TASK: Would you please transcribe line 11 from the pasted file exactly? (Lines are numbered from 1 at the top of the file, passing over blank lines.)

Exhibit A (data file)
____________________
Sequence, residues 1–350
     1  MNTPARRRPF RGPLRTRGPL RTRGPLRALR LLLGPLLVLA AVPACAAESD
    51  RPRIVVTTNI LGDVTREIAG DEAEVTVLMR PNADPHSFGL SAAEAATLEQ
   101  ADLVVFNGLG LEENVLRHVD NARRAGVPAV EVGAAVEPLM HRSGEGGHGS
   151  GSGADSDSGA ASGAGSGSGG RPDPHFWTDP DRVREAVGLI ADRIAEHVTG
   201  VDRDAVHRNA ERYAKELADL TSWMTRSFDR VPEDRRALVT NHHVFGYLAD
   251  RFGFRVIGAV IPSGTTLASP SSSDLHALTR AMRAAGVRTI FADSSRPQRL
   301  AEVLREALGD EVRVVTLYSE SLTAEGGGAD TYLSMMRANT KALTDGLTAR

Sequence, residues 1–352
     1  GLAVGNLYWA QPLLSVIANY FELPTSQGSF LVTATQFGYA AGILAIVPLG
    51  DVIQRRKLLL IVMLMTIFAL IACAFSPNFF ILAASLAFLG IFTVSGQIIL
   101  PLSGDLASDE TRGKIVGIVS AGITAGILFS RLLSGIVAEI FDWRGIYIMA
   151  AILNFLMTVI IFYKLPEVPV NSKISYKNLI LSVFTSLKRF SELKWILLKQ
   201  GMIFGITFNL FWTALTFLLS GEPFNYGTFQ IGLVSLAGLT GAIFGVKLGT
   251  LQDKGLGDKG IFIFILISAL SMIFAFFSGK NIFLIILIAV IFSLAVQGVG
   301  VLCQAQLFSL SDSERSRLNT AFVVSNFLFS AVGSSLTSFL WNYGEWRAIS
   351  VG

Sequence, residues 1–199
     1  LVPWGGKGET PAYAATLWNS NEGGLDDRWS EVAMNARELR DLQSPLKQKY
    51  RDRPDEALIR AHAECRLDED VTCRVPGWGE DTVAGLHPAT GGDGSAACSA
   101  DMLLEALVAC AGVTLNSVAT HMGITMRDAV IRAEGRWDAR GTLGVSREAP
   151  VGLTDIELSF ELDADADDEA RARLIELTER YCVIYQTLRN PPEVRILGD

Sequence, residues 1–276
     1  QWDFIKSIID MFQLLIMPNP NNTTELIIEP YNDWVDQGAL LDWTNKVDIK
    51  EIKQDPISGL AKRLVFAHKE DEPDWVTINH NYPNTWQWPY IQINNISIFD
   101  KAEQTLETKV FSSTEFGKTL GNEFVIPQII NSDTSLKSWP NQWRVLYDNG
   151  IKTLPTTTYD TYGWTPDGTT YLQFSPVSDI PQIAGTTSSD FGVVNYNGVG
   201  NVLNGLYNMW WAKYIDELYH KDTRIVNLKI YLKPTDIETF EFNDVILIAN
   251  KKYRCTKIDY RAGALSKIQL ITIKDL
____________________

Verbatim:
    51  DVIQRRKLLL IVMLMTIFAL IACAFSPNFF ILAASLAFLG IFTVSGQIIL